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After violent school week, Aurora youth gather for 'state of emergency' town hall

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After two shootings involving students in the span of five days, community members—led by the youth—came together to discuss possible solutions. Aurora.
Dozens of children gathered Sunday, November 21 to discuss solutions to the recent violence in their community.

AURORA, Colo. — When six high school students were injured in a shooting near Aurora Central High School on November 15, Aurora Police Chief Vanessa Wilson said “enough is enough.”

But four days later, the familiar pain of gun violence returned: three students were shot outside Hinkley High School on Friday, November 19. It was a bloody bookend to the school week.

Thankfully, none of the injuries were life-threatening. But the violence shook the community.

On Sunday, November 21, Wilson and community leaders organized a “state of emergency” town hall event to hear from the people most affected by the recent gun violence: the youth.

Aurora teen violence town hall

Dozens of youth gathered in Aurora to discuss solutions to recent violence.

“I want to hear their voices,” Omar Montgomery said of the kids in the crowd. Montgomery is the president of the NAACP’s Aurora chapter. “I don’t want to hear a bunch of adults. I want to hear the [kids’] voice, hear how we can protect them, how we can work with them.”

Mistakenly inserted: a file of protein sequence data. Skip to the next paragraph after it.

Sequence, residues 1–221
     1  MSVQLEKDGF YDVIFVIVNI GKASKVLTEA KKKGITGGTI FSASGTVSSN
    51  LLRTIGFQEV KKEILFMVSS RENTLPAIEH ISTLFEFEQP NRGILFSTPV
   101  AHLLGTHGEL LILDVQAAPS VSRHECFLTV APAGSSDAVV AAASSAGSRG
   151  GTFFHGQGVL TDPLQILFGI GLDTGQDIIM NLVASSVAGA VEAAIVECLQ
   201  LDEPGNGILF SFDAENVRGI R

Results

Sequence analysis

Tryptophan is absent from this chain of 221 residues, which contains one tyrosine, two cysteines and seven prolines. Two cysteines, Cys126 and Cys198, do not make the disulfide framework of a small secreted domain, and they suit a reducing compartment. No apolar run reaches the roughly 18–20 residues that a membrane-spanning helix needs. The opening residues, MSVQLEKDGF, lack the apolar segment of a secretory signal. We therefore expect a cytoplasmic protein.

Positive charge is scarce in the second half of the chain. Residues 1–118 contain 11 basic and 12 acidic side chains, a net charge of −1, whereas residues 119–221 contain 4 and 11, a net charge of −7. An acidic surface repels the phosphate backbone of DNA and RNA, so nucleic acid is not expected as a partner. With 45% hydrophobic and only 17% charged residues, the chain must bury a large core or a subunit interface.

The discussion took place at the Jurisdiction of Colorado Church of God in Christ Headquarters in Aurora.

One young girl who spoke at the town hall explained that many young people she knows seem to keep their feelings bottled up, and she was wondering what ideas the crowd had that would help young people better express their feelings.

Another teenager drew applause from the crowd as she spoke from the lectern.

“It doesn’t start with me; I’m almost 18,” she said, addressing the adults in the room. “You need to start with those 11-year-old kids who are at home and they see their siblings in their rooms—they see the guns, they see the drugs, they see the gang signs written in notebooks. You need to start with them. I’m grown.”

She continued: “I’ve already seen and I’ve already been through all that trauma. You need to start with those kids. Because when I was nine years old and my father passed away and I had to go to elementary school not knowing how to do anything, there was no one there for me. I’m sorry, but there wasn’t.”

Elder Rufus Lewis with the Church of God in Christ said that if violence and trauma in the community goes unchecked or undiscussed, it just escalates and worsens.

“We really want the young people to know that they have a voice and it is okay for them to express how they feel,” he said.

“Our youth are out there struggling with a lot of different trauma, and that trauma is resulting in the violence,” Montgomery added. “So we as the community need to come together, have a critical discussion, and develop a plan so that no more lives are lost.”

[Related: Aurora, Denver politicians announce gun buyback effort in response to recent violence]

Wilson also spoke at the event. She informed the crowd that three 16-year-old male suspects were arrested on attempted murder charges for the shooting at Hinkley HS.

One young boy who spoke at the town hall summed up his message to other kids in just a few words: “I just want to say this: don’t be a killer. Be somebody who you want to be.”

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